Although much of the terrain in remote northwest South Dakota is cattle-grazing land, some farmers plant alfalfa fields in the bottoms, especially if water is available. The mule deer often move back and forth, feeding and lounging. Their white-tailed cousins tend to move from the creek bottoms to the alfalfa and back again. But the mule deer, Smith explained, tend to move to and from the open areas via the draws and ravines. Sometimes, during the rut, their caution fades.

“It is the rut that got him,” Smith confirmed. “For a (buck) to be up and running around at 10 o’clock in the morning, it has to be the rut.”



Sheridan County Mule Deer

Hunter: Mike Johnson

Year killed: 2017

Score: 198 inches

Method: Firearm

In the beautiful Nebraska Sandhills, one of the big draws for deer hunters are the large ranches nestled on vast stretches of the natural Great Plains landscape.

It’s an area that sees very few deer hunters who tend to hunt mostly private land — land where Mike Johnson of Monterey, California, had booked his hunt with Scott Kuhn of Deer Meadows Outfitters in Ellsworth.

The timing was perfect. The rut was in full swing. Big deer were growing more vulnerable as they competed for does. Kuhn said he spotted the deer on one of the 70 game cameras he has out across the landscape.

The big bucks here have a lot of room to roam, oftentimes crossing cattle country where they eat the high-protein pellets ranchers place for their cattle, so their growth is good.

The only additional requirement for reaching trophy status, Kuhn said, is surviving a few hunting seasons to grow into a trophy.

“This is in the Sandhills, not farm country. That is why we have big mule deer,” Kuhn confirmed. “We are very remote out here. That is where mule deer love to thrive ... in the remote areas.”

Much of the deer hunting in Sheridan County is spot-and-stalk, Kuhn said. The hunter can glass large areas in this mostly treeless terrain, where grassland has remained mostly intact because there is really no other choice. The soil is sandy and the rainfall sparse. Any soil disturbance can quickly evolve into a massive soil erosion problem. The ranchers run cattle and sometimes guide hunters on what typically are high-quality deer hunts.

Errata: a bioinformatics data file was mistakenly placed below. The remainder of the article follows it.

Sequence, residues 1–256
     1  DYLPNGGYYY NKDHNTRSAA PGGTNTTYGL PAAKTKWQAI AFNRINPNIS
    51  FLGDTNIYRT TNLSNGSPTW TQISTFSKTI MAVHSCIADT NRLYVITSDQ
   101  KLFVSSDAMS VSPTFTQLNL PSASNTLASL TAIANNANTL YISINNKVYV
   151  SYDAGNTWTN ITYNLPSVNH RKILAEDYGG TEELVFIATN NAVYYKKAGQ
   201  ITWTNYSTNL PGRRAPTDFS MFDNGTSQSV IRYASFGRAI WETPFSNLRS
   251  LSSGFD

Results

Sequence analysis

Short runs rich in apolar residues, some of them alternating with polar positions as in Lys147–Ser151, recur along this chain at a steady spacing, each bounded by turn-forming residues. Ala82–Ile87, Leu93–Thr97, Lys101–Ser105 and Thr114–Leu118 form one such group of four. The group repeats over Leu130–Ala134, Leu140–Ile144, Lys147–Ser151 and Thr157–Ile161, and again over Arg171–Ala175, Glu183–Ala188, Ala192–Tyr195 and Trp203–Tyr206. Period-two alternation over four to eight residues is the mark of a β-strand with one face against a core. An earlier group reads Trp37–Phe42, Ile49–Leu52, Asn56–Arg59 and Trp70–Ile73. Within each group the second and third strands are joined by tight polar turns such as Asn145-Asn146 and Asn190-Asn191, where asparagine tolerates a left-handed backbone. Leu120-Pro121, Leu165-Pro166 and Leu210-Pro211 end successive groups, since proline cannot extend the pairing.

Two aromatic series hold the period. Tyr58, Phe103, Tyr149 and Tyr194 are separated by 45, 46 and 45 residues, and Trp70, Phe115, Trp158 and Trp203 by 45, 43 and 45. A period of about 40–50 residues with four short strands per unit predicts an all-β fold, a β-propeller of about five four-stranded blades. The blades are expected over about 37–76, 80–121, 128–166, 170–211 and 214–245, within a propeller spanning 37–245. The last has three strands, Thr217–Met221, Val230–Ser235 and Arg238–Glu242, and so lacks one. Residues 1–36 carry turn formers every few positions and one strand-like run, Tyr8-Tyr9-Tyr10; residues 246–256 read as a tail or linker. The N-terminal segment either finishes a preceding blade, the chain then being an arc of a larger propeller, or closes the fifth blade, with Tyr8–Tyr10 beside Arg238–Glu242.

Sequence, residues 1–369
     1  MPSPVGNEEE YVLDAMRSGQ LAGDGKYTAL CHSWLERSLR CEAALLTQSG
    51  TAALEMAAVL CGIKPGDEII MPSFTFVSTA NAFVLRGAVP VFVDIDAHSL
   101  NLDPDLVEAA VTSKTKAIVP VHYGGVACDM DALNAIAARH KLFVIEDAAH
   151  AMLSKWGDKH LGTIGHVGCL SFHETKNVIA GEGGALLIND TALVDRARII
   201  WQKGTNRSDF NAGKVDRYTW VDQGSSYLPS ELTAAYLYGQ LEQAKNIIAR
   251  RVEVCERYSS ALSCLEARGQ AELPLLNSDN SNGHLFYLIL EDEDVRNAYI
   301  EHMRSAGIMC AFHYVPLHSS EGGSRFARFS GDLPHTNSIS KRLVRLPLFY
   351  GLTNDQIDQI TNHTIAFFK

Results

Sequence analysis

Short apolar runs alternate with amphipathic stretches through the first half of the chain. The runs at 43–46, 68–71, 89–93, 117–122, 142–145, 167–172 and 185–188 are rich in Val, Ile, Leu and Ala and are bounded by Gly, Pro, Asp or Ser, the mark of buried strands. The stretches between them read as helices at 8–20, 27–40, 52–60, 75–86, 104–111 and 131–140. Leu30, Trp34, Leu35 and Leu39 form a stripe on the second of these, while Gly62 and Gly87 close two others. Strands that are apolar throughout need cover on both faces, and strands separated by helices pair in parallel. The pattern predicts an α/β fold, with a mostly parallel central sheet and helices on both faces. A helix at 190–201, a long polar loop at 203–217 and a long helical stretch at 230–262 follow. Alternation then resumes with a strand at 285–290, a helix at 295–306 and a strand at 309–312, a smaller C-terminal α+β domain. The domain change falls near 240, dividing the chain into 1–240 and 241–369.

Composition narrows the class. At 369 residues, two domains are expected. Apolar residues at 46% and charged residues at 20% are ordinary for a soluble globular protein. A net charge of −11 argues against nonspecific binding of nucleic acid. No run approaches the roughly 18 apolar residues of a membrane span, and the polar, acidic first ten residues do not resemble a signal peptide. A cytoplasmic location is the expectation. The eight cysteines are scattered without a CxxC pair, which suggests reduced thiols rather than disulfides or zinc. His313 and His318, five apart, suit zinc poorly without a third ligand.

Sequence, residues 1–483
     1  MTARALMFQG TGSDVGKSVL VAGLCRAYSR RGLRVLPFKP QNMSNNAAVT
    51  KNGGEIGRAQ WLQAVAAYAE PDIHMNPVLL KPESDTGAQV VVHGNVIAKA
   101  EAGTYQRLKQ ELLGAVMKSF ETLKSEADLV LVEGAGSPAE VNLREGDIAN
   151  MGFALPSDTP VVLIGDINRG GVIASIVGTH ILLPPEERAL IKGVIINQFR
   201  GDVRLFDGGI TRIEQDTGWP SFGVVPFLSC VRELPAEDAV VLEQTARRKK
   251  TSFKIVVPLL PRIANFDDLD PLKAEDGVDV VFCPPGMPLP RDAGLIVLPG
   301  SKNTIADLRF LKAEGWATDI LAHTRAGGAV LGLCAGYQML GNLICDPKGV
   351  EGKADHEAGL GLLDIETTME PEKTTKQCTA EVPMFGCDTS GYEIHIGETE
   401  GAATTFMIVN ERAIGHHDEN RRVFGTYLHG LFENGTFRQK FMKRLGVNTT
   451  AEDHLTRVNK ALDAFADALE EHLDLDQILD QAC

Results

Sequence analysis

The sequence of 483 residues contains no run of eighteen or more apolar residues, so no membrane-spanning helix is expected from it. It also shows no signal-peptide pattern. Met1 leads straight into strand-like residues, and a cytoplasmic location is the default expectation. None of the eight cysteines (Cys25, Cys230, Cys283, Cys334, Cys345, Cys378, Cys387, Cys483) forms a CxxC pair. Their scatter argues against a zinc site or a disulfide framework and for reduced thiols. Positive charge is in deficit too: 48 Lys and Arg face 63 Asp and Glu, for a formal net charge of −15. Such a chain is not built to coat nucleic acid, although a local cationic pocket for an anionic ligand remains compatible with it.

Kuhn and Johnson were out very early in the morning, sitting in a good spot before first light.

“We got up early in the morning to sit and watch the sun come up and glass,” Kuhn remembered. “This particular morning, we were up high, and it was actually really foggy out. We had to wait for the fog to lift. We knew the area the (buck) was running in. We run a lot of game cameras. We knew he was in the area. We had seen him.”

Then, the sun bored down, and the fog burned away.

“Lo and behold, he was only about 450 yards from where we were sitting,” Kuhn said, “but we still waited an additional half-hour for the fog to clear.”

A successful stalk resulted in a 150-yard killing shot by Johnson.



Chautauqua County Whitetail

Hunter: Rusty Hernandez

Year killed: 2017

Score: 187 inches

Method: Firearm

The rolling hills of southeast Kansas is now considered one of the best trophy-deer areas in the Great Plains. That entire part of the state swarms with small farms, mixed crop and pasture lands interspersed with woodlands and a lot of whitetail deer.

It’s edge-cover hunting, and it’s good, especially where Rusty Hernandez of West Palm Beach, Florida, bagged a whitetail scoring 187 inches. Perhaps, the most interesting thing is, many more trophy bucks like that roam the rural areas here.

Jeff Brondige with Hickory Creek Outfitters in Howard guided the hunt. He said he already knew the deer. A year earlier, a hunter winged it with an arrow that struck its shoulder and mostly bounced off the shoulder blade.

“We get a lot of archery-wounded deer over the years, especially from a shoulder-blade hit,” Brondige pointed out. “It doesn’t get much penetration. It just cuts through some skin and hardly any muscle, or body cavity; so, it is, more or less, a flesh wound. They usually recover from it, more often than not.”

But this big buck was finally bagged during the firearms season last December.

Southeast Kansas gradually folds into the Flint Hills, that run from north to south across Kansas, crossing Cowley and Chautauqua counties before entering northern Oklahoma. These are mostly intact grasslands with topsoil so shallow, plowing for crop fields has never worked … fortunately. The environment takes on some of the characteristics of an Eastern woodland forest. Eleven species of oak trees grow here, and both deer and wild turkeys eat themselves to a gluttonous fatness on acorns that litter the ground.  The deer put on big antlers.

Hernandez got his shot when the buck just walked by, oblivious, he said. “The deer walked through chasing the does,” remembers Hernandez. “He just gave me the opportunity.”

And the deer are fattening up once again on the acorns this fall.